3. Brightness and Contrast

Lighting is something that people seem to not understand the importance of, unfortunately. Consider that a 60-year-old thought to be healthy will need just about twice as much light for reading as a 20-year-old who’s considered to be healthy. By the time that person reaches 80 years old, the requirement becomes three times as much as the 20-year-old.

Combine this with the fact that good lighting is known to improve mood, attention span, alertness, etc. Natural light is also an effective way to fight off depression. With all of this in mind, you should be getting an understanding of how critical appropriate lighting will be as the process of aging continues.

This means that spaces will need ample windows, glass doors, skylights, and more. Even the way the home is painted is a big consideration. With darker colors, more light is absorbed, meaning that visibility becomes reduced, especially since sunlight becomes less as the day goes on. Instead, you want to consider lighter colors that are better at reflecting light and creating a more visually functional space.

Contrast and color perception get worse with age, meaning that being able to see outlines easily and differentiating between hues becomes more difficult. Therefore, visual demarcations are more important than ever. Those all-white bathrooms and kitchens are not such a good idea.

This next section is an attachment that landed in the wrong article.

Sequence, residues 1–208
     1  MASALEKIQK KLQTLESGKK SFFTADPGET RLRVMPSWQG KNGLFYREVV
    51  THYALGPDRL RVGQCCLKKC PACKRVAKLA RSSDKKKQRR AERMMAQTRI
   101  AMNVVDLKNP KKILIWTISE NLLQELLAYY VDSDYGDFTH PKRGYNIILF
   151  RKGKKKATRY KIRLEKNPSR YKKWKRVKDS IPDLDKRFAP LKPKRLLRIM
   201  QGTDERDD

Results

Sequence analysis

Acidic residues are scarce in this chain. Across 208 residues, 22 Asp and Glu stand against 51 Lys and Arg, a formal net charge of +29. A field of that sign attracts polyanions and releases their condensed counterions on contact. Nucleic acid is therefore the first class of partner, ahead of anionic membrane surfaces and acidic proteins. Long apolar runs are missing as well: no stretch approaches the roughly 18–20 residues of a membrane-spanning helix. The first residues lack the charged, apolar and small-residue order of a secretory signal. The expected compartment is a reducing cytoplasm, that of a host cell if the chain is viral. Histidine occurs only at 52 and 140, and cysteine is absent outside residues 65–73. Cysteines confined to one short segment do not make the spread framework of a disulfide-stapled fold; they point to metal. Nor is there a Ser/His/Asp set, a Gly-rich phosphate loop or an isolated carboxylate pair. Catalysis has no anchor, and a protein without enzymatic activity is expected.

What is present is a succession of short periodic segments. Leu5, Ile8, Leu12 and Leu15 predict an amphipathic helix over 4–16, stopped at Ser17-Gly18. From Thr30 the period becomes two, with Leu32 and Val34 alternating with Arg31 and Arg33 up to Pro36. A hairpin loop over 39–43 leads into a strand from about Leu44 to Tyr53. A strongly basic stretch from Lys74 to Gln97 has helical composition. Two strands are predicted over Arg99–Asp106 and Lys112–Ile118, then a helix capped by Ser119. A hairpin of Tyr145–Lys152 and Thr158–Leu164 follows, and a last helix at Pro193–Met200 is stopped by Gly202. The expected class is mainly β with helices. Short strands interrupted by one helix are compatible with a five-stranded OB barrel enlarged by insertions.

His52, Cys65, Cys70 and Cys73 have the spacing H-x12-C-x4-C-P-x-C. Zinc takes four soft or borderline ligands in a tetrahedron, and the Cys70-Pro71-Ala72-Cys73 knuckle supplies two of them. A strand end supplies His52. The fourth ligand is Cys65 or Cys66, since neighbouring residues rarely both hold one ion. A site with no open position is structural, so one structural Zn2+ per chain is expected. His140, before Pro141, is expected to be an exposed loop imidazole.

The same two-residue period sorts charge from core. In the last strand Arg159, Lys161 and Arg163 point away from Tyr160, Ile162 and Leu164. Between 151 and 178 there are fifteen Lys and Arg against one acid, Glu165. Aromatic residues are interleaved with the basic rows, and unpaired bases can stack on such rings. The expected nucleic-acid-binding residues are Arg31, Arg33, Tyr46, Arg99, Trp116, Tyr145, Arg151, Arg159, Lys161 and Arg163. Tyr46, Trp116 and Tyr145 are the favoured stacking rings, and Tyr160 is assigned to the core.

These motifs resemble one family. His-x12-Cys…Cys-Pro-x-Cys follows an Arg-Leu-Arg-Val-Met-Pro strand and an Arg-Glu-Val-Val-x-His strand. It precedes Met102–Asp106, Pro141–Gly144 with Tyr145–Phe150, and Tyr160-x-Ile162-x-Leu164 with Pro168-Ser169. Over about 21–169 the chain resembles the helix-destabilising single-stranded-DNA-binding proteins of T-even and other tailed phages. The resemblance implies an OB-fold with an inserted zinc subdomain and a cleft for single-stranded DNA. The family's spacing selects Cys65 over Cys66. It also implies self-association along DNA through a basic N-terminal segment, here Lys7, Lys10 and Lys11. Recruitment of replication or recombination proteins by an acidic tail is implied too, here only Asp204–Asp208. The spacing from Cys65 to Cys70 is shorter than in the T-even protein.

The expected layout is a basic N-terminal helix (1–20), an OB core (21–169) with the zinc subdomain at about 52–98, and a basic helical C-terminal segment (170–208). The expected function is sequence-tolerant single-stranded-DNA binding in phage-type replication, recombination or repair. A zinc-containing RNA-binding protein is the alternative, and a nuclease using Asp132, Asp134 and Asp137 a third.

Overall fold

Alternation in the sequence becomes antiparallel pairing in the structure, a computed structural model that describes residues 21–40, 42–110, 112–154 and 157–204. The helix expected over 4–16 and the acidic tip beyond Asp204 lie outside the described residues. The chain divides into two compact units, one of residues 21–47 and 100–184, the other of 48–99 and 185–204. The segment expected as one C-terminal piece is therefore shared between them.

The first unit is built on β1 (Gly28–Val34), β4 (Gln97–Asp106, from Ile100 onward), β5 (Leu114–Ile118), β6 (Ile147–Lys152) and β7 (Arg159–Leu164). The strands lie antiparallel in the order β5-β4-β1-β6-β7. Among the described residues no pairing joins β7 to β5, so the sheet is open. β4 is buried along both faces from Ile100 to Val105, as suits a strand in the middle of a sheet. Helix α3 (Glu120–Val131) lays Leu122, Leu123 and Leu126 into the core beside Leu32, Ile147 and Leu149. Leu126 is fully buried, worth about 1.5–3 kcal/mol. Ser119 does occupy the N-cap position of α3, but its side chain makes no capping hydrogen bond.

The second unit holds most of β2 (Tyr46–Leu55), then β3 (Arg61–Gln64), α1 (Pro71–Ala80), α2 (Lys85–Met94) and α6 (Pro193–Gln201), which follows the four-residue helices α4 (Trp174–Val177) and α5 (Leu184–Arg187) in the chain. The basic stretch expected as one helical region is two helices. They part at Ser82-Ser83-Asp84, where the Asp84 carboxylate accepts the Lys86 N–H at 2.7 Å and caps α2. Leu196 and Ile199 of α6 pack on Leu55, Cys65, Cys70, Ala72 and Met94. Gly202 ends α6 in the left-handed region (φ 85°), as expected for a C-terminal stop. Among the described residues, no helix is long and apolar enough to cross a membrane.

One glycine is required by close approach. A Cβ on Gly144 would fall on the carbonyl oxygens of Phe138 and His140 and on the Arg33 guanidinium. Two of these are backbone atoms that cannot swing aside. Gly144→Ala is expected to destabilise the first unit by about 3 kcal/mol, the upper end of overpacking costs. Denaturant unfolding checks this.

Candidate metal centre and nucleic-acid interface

Vary things up a bit, perhaps with some countertop material or color that drastically differs from the floors. Sometimes, changing elements altogether is necessary to achieve this, but there is also the more cost-effective option of changing the color of existing elements with a coat of paint.

 

4. The Ease of Switches

Light switches are used daily for obvious reasons, though when you’re younger you may not realize how difficult they can be to operate. With age comes a loss in strength, and that means it becomes possible to feel the difference in effort between a rocker light switch and a standard toggle switch.

This means that having rocker switches is a better idea for aging in place. Another good idea is to ensure that the electrical outlets and switches around the home are in a bit of a darker color that offers a better contrast against the lighter-colored walls.